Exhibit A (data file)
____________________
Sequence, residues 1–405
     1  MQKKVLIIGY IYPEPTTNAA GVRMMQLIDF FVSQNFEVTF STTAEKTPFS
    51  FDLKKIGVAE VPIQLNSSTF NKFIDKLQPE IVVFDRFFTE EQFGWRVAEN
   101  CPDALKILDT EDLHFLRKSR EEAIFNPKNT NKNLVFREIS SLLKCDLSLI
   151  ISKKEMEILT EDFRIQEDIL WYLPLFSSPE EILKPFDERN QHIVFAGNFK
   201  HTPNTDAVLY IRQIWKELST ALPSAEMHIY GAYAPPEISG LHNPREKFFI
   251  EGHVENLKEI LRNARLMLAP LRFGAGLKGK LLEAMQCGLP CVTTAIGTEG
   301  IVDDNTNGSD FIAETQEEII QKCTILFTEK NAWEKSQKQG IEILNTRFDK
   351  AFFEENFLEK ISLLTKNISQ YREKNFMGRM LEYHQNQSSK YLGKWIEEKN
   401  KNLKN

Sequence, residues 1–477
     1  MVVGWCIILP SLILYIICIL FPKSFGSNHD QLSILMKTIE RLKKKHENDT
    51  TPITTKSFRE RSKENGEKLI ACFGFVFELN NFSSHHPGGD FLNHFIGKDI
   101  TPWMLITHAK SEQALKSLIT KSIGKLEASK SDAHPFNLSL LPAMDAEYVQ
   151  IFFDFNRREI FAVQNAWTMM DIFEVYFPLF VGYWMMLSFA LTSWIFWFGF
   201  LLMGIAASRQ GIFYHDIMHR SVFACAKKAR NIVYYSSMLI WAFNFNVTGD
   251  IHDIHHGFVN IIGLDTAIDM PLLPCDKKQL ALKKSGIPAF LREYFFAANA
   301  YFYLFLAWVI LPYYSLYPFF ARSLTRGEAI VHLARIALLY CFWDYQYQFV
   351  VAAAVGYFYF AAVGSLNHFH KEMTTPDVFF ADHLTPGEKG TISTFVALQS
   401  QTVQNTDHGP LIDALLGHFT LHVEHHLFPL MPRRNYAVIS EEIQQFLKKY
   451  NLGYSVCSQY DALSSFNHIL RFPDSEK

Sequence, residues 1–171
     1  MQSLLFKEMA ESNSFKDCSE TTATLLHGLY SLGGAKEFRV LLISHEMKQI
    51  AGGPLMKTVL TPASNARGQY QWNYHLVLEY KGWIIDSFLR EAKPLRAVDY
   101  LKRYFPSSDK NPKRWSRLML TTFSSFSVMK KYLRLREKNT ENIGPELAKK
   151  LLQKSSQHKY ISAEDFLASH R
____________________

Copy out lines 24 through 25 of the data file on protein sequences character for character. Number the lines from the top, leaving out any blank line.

    51  AGGPLMKTVL TPASNARGQY QWNYHLVLEY KGWIIDSFLR EAKPLRAVDY
   101  LKRYFPSSDK NPKRWSRLML TTFSSFSVMK KYLRLREKNT ENIGPELAKK